Right sentiments needed to push Indian rupee to 55-level: India Ratings

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Rupee needs a major push of positive sentiments but that is likely only after March: India Ratings. Rupee needs a major push of positive sentiments but that is likely only after March: India Ratings.
SummaryIndian rupee needs major push, but that is likely only after March: India Ratings

Indian rupee needs a major push of positive sentiments to move back to Rs 55 level against the US dollar, but that is likely only after March or post general elections, India Ratings chief Atul Joshi feels.

"Fundamentals are not reflected into current Indian rupee levels and it needs to move back to 55 level. But, since its fall was due to negative sentiments, positive sentiments should create a bias towards 55, but that would be post March and may be post elections," Atul Joshi, MD and CEO, India Ratings & Research, said in an interview. India Ratings is the Indian unit of global giant Fitch Ratings group.

Joshi, however, said that elections as such are unlikely to have much impact on GDP growth rate of the country and a recovery process is already underway and that is unlikely to stop, unless a new government reverses some reforms.

"Wheels have started turning, so it is unlikely it will stop and we would see GDP growth at something closer to 4.9 per cent this year even if nothing much happens.

"We are expecting good results from at least two harvest seasons and the positive momentum should now move to the services and agriculture sectors as well.

"The worry that we had was that agriculture was not performing well for last couple of years. Now an improvement on that front would create a lot of rural consumption and that would result in an uptick in manufacturing and on back of that services sector would also get a boost," he said.Within services, India Ratings sees lot of momentum in financial services which has grown impressively in recent past despite an overall sluggishness in services sector.

This is not about any drastic changes in numbers, it is rather about change in psychological barriers, he said, adding that the noise that India is sinking and everything is going wrong will go away.

"We have already reached the bottom and now from here, the recovery will start. So, what we see next fiscal year is around 5.6 to 5.8 per cent of GDP growth. So, there won't be any drastic change by moving to 6 per cent and above.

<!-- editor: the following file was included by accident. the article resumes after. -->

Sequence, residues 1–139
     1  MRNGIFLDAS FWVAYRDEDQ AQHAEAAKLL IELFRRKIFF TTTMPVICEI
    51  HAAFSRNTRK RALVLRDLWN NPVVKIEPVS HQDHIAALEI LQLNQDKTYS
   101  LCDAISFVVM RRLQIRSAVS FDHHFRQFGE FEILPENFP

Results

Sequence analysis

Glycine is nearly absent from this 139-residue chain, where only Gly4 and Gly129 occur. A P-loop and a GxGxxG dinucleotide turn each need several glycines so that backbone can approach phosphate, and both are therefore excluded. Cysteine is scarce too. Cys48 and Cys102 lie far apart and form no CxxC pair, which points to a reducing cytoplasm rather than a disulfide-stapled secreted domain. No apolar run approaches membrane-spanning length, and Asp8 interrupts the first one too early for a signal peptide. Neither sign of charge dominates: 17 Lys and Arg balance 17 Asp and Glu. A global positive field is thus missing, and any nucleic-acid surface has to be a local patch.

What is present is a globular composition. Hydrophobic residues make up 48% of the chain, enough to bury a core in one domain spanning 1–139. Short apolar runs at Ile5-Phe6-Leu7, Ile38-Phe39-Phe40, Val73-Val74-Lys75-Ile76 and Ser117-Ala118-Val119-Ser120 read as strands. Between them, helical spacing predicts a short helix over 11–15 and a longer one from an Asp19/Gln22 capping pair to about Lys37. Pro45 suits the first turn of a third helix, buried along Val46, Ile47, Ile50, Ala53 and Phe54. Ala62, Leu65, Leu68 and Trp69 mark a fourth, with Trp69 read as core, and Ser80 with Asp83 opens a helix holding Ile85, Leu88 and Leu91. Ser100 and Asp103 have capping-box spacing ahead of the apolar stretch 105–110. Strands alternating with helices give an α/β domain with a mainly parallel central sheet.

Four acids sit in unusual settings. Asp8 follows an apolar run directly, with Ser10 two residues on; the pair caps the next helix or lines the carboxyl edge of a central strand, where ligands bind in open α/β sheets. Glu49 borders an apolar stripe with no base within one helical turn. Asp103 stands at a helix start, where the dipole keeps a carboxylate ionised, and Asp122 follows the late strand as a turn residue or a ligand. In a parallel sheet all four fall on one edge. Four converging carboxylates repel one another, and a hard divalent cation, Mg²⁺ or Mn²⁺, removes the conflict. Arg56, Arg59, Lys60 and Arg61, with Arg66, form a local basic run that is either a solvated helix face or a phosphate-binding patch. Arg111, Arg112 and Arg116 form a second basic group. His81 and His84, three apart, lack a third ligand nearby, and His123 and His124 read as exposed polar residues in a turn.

"Elections or no elections, that would not have much impact on the GDP number, unless there is a rollback of policies and measures which is a very unlikely event. That would be like government going backwards and I don't think any government would do so," he said.

Asked about the major challenges before economy and policy makers, Joshi said there are two major things that can topple the momentum, one is inflation and the second is currency.

"If inflation moves above 10 per cent for the next two or three months, and remain there, that could have a negative impact on lot many other sectors. Retail is one, SMEs, manufacturing, these would face pressure if interest rate is going to go up. This is on backdrop of RBI's focus on inflation control.

"So, I guess inflation is the biggest worry. Second would be currency. When rupee was at 54-55 level, since then prices of many items have gone up substantially. One of the factors that seeds inflation, is currency," he added.

Talking about recent plunge in rupee that saw it hitting record low levels very close to Rs 70 against dollar, Joshi said, "A lot of depreciation that we saw recently was

sentiment driven, rather than being the actual market action.

"That sentiment needs to reverse and the moment we see that GDP has bottomed at 4.9 per cent and inflation has been contained, the sentiment will change for better and that would reflect in currency as well.

Joshi also said that on macroeconomic level, India's numbers look much better than what they were a few month ago or even a couple of years back.

"There are certain underlying fundamentals of our economy which are not getting reflected in rupee valuation. Currency also reflects the efficiencies you build in your system. If we have a static or a low-range moving rupee, then the ability of manufacturers and service providers to create demand would be better and the ability to contain costs would be enhanced.

"That is where China has succeeded and they maintained a static exchange rate for a very long time and they ensured that efficiency is built into their system. Competition is growing and other currencies are also depreciating. In that situation, if we look at a stable or appreciating rupee then we can look at efficiencies," he said.

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